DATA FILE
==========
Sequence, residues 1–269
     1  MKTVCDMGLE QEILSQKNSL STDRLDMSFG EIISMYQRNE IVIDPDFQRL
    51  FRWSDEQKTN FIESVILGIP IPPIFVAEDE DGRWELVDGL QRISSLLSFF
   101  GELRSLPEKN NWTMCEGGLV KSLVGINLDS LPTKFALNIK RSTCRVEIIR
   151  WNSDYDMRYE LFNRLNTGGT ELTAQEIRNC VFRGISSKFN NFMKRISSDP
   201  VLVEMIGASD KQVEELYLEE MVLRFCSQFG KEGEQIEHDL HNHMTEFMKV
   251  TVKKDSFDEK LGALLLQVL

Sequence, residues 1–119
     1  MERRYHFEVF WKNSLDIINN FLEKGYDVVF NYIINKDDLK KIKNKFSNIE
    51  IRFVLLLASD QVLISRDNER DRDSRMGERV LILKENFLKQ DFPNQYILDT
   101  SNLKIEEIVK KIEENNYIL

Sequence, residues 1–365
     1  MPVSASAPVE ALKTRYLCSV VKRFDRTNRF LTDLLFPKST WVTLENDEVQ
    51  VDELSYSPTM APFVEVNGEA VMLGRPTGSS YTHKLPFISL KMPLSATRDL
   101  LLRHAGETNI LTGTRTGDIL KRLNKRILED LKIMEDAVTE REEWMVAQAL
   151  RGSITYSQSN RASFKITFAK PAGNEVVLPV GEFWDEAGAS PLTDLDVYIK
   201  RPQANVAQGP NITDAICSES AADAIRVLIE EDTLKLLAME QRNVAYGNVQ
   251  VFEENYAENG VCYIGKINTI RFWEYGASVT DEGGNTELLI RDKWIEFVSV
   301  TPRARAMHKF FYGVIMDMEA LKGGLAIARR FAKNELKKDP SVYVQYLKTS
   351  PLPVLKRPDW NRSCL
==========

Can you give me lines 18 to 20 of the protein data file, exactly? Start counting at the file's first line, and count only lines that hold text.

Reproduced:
   251  VFEENYAENG VCYIGKINTI RFWEYGASVT DEGGNTELLI RDKWIEFVSV
   301  TPRARAMHKF FYGVIMDMEA LKGGLAIARR FAKNELKKDP SVYVQYLKTS
   351  PLPVLKRPDW NRSCL